Day 2 Working through the writing process Read the information in the box: Think about the people you care about. WRITE about one person that has been important to you. Explain what makes that person special. List of people important to me: There are people in our lives who are special to us. Sometimes this person is a teacher or coach, brother or sister, or even a friend. List of People Important to Me: Mom Dad Sister Coach Bailey Coach Dunn Mrs. Penny Coach Lee Mrs. Scott Coach Calabria
Wild WebDirections: Place 25 traits, characteristics, or qualities about your important person in the bubbles. You must be able to give examples for the qualities. For example: caring is a trait—you will give 5 examples of how your friend is caring on the Planned Web. Important People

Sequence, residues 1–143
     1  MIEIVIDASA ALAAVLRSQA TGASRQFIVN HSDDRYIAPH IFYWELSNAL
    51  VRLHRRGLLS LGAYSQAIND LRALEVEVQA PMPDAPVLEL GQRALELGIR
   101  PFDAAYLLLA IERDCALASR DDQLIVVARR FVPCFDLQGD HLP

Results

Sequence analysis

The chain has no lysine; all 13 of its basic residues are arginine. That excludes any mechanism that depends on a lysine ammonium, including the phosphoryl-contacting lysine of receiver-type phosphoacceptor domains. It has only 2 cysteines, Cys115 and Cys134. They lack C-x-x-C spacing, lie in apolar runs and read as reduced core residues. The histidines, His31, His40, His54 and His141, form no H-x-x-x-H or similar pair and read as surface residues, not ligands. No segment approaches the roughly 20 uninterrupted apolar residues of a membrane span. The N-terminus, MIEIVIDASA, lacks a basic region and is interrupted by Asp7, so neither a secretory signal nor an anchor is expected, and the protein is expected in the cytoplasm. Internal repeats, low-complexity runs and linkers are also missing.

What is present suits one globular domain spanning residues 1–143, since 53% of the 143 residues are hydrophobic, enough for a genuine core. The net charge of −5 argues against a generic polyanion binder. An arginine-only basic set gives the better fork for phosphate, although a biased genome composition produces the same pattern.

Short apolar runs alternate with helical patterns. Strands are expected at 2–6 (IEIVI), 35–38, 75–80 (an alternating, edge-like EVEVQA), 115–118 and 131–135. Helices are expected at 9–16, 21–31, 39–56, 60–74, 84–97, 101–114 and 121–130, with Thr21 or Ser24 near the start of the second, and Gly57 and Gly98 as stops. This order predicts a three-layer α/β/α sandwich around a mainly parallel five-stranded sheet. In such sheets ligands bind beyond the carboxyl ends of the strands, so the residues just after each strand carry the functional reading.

Planned WebPlanned Web—you will choose 5 from your Wild Web (the ones you have the BEST examples for) and put them in the 5 bubbles. Then on each spoke, going out from the bubble, you will place your examples. For example: the trait “caring” could have examples like stayed with me while I was in the hospital, stood up for me when other people talked about me , gave me lunch money when I forgot mine These examples would be written on the spokes going out from the bubble that has “caring” in it. Insert Name of your important person Here
How to write a first draft How to Write an Introduction: Introduction Song Introduction, Introduction, Tell us what it’s all about, Introduction, Introduction, Does it have a thesis now? Introduction, Grabs the readers attention in a big, big way Where does the thesis go? Last!
INTRODUCTION & Thesis • INTRODUCTION: • Grabs the readers attention • tells the reader what is coming next • organizes the five paragraph essay • has a thesis • THESIS STATEMENT: • Tells the main idea of the whole paper • indicates the order of the body paragraph • is supported by every paragraph in the paper • is the last sentence of the introduction • For Example: Pollution affects the wildlife in our skies and forests, as well as our oceans.